Arts & Books
It is impossible to think of any important director whose later work is his or her best. Why is this true of film-makers, but not of other artists?
Lacking the weight of Bellow or Roth, John Updike nevertheless captures the point of the mundane. In his new collection of stories, surface is depth
Moscow theatre is starting to vibrate as powerfully as the streets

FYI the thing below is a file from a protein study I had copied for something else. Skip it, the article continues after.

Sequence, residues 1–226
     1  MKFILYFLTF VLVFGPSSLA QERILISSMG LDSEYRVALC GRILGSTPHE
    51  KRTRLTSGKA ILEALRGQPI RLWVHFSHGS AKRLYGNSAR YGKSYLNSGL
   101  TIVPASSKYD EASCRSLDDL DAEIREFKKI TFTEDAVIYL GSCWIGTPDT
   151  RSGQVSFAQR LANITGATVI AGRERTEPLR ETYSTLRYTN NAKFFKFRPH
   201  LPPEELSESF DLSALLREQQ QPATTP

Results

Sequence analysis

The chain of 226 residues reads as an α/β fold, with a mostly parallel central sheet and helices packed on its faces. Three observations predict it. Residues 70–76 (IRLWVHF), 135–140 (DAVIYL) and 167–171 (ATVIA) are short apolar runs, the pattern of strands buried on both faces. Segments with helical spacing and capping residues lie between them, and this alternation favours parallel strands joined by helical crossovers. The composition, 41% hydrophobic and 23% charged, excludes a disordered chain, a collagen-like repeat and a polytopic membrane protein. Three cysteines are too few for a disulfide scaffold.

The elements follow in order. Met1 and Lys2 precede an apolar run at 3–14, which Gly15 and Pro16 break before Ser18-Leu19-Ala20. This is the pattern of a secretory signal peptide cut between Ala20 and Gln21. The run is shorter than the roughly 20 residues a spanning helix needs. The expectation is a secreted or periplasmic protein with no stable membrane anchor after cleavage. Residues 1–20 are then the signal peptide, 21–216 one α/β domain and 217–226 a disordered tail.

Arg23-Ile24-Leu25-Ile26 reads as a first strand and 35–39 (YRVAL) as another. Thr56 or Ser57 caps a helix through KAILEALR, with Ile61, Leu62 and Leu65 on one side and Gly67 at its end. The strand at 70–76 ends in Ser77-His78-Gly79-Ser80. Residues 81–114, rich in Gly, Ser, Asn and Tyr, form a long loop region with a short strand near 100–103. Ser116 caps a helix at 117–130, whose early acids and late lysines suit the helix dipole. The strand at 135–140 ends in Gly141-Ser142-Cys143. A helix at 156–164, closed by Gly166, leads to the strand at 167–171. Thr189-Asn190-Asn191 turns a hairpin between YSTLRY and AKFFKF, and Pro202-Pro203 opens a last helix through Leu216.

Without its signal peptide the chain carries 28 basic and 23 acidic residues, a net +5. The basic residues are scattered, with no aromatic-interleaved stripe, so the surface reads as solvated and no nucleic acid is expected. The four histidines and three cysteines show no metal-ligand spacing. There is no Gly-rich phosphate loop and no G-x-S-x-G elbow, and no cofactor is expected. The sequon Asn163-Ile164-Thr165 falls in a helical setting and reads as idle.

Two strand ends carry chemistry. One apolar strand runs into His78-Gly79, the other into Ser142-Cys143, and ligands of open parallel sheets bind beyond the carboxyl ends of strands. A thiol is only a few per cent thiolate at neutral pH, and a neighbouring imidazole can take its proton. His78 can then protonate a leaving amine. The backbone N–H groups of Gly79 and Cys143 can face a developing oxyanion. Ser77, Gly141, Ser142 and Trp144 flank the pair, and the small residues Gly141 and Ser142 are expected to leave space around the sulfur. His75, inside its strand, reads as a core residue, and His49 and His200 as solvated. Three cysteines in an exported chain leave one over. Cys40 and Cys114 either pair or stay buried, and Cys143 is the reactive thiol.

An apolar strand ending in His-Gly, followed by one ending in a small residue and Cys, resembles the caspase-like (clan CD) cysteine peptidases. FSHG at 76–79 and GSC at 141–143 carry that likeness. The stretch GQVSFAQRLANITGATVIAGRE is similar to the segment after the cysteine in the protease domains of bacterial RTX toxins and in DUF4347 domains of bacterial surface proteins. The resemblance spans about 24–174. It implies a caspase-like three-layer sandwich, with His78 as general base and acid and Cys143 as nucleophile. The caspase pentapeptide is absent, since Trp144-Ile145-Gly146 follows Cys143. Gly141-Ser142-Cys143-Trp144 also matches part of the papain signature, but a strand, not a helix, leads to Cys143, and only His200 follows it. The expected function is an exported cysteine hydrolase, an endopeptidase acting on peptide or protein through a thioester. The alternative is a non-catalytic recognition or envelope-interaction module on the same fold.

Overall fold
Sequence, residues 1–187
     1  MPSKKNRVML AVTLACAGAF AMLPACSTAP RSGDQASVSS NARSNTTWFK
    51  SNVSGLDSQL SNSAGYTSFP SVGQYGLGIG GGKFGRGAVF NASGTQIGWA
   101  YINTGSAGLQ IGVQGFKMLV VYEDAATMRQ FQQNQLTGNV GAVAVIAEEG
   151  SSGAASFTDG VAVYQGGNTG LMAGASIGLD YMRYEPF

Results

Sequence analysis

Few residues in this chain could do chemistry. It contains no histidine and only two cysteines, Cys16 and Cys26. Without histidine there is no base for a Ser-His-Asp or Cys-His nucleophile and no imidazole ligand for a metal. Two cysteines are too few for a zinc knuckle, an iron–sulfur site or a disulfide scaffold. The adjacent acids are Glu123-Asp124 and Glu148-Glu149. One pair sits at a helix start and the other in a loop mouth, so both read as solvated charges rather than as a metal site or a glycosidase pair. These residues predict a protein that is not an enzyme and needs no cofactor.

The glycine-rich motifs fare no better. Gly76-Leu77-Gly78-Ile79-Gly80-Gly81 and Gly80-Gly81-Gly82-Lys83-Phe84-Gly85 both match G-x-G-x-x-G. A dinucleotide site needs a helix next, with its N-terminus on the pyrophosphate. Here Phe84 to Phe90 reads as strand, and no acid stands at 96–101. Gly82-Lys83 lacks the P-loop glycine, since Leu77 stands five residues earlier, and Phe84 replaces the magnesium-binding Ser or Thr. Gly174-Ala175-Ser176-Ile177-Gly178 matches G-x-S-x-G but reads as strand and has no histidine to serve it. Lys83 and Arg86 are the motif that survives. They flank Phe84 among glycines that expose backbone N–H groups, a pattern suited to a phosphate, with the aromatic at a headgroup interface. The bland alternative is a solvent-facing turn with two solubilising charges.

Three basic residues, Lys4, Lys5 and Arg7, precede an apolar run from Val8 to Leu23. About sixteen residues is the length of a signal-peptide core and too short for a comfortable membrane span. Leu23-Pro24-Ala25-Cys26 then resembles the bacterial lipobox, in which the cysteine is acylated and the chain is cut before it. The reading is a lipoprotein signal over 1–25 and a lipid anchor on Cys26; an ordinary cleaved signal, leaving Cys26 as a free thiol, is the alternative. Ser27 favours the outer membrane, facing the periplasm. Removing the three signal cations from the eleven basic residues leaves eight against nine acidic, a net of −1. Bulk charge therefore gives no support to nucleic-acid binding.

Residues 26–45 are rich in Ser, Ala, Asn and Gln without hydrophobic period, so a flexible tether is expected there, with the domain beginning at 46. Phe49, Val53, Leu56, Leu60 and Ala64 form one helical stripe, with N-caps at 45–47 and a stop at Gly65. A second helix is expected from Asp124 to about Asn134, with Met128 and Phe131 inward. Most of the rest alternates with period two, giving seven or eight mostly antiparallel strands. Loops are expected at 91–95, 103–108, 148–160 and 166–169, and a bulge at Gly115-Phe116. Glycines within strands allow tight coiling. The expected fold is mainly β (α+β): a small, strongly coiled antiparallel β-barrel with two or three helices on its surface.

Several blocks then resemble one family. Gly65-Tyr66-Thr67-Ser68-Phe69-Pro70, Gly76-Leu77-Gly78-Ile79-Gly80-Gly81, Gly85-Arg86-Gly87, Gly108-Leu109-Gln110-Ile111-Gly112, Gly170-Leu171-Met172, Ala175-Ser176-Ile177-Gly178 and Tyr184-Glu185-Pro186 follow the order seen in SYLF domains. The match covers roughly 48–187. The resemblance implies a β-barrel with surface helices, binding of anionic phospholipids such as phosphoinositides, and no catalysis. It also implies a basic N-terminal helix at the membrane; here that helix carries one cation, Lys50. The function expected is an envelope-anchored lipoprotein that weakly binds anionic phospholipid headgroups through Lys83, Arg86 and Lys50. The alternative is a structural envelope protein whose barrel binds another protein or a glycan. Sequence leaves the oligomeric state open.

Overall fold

From pictures in a cave to aphorisms on a toilet wall, graffiti needs to be reconsidered as the purest art form
Art historians are wrong to judge Adolph Menzel under the long shadow of non-existent progress
The failure of post-war architecture to create urban communities haunts Europe
Two centuries of women's magazine history is coming to an end
Bob is 60 in May, and he's just as good as Keats. So why didn't the song-and-dance man become a saint of high culture long ago?
As Ariel Sharon is elected, Amos Oz publishes his new verse novel in Britain. Inside its ordinary domestic setting lies a plea for quiet in Israel